Hyperoxaluria is your rear metabolic disorder with increased serum oxalate deposits in the skin, kidneys, and other organs.

It may be primary or secondary types: autosomal recessive.

Due to an enzyme defect and all type 1 stones are composed of pure or virtually pure calcium oxylate monohydrate, or whewellite.

Primary type a rare inherited disease with recurrent renal stones, nephrocalcinosis, systemic oxalosis, and renal insufficiency.

Primary hyperoxaluria type 1 is a rare progressive genetic disease with clinical manifestations due to the hepatic oxalate production.
PH1 metabolic defect results from a deficiency of liver specific peroxisomal enzyme alanine-glyoxalate aminotransferase AGT)  which converts the oxalate precursor glyoxalate to glycine.
With absent or deficient AGT glyoxalateis oxidize to oxalate, increasing plasma oxalate levels.
Liver produced oxalate is excreted primarily by the kidneys and the toxic mediator of end organ damage in PH1.
PH1 commonly presents in childhood with kidney stones, end-stage kidney disease or systemic disease where oxalate is deposited in the bone, retina, heart, and skin.
Diagnosis is often delayed four years with result high incidence of end-stage kidney disease and death.
In PH1 progression to end-stage kidney disease is related to urinary oxalate levels.

Patients require renal and liver transplantation.

Kidney stones presenting symptom in most cases.

Common after Roux-en-Y gastric bypass surgery, and can lead to a spectrum of kidney diseases including calcium oxalate kidney stones, acute renal failure, chronic kidney disease, and ultimately end-stage renal disease with unrecognized hyperoxaluria

In hyperoxaliria, excess oxalate binds to calcium, forming insoluble calcium oxalate stones that are deposited in the renal tubules and urinary tract and more distant tissues.

Most cases of primary hyperoxaluria are associated with variants in 1 of 3 genes AGXT, GRHPR, and HOG1 in disease types one, two, and three, respectively that encode for enzymes involving glyoxalate metabolism.

More than 200 different pathogenic variants have been described.

The gene defect are autosomal recessive all resulting in increased oxalate production.

Secondary hyperoxaluria is caused by increased oxalate absorption from the intestine or excessive dietary intake of oxalate such as with rhubarb, spinach, parsley, and cocoa or its precursor ascorbic acid.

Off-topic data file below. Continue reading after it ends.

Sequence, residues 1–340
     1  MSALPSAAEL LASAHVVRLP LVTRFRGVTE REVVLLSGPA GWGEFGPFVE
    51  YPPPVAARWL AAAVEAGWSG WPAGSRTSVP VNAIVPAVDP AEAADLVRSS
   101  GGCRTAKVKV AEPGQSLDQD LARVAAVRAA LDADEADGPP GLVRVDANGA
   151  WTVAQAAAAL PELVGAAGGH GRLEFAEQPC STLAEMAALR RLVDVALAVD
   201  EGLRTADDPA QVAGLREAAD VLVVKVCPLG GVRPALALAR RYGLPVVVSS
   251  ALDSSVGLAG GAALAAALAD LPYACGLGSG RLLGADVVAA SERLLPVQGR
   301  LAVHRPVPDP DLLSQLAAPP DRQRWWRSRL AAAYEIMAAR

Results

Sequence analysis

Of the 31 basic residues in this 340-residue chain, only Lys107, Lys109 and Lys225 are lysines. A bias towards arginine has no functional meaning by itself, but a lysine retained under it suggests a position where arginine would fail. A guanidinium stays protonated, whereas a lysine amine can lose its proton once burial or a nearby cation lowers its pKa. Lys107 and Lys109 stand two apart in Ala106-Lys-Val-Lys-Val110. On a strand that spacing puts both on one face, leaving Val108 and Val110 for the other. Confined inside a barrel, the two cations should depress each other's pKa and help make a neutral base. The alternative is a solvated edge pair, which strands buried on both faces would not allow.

In secondary hyperoxaluria which occurs with excessive intake of oxalate in chronic renal disease.

Cutaneous lesions are unusual in secondary hyperoxaluria.

skin lesions in primary hyperoxaluria include purpura, livid reticularis, acrocyanosis and peripheral gangrene.

Ascorbic acid increases the risk of plasma calcium oxalate supersaturation, particularly among patients undergoing hemodialysis.

Increased intestinal oxalate absorption in most commonly caused by fat malabsorption, as in inflammatory bowel disease patients who have undergone Roux-en-Y gastric bypass.

Normally oxalate binds preferentially to calcium in the gut, forming insoluble calcium salts that are excreted in the stool.

When there is malabsorption, excessive excess fatty acids complete for calcium binding, leaving increased levels of unbound oxalate to be absorbed in the intestine.

Primary hyperoxaluria associated with systemic deposition of calcium oxalate and is associated with heart block, synovitis, oxalate osteopathy, or crystalline retinopathy.

Secondary hyperoxaluria tends to follow a more benign course.

Measurement of two 24 hour urine specimens is recommended to confirm the diagnosis of hyperoxaluria.

Values greater than 1 mmol per 24 hours characterize primary hyperoxaluria, where as less marked elevation is more typical of secondary hyperoxaluria.

In patients with chronic kidney disease, 24 hour urine testing is less sensitive because of deterioration in renal function leads to reduced urinary oxalate excretion.

Plasma oxalate levels in the normal range or 1-5 micro moles per liter, plasma oxalate levels are often higher than 80 µmol believer in patients with primary hyperoxaluria and between 20 and 80 µmol, in patients with secondary hyperoxaluria.

A diagnosis of primary hyperoxaluria may be confirmed by gene sequencing of a GXT, GRHPR, and HOGA1.

Primary hyperoxaluria is associated with elevated urinary levels of glycolate.

Treatment of secondary hyperoxaluria typically involves high fluid intake of 3-4 L per day to counteracts calcium oxalate supersaturation, as well as dietary modification of high calcium and low oxalate diet.

Treatment options Include hyperhydration, high-dose pyridoxine, and calcium oxalate crystallization Inhibitors, such as citrate which may decrease the incidence of kidney stones and slow disease progression.

Patients with may benefit from pyridoxine.

Patients with advanced disease receive hemodialysis.

Liver transplantation  or liver/kidney transplantation can cure the metabolic defect in primary hyperoxaluria , can normalize oxalate levels, improve disease manifestations and prevent progression to end-stage kidney disease.


((Lumasiran)) inhibits  the production of oxalate, and is efficacious in the treatment of hyperoxaluria.


Lumasiran Is a subcutaneous  administered, liver directed RNA interference agent which reduces hepatic oxalate production and increases the  concentration of teadilu excreted precursor glycolate by degrading the messenger RNA that encodes glycolate oxidase, and enzyme upstream of AGT.


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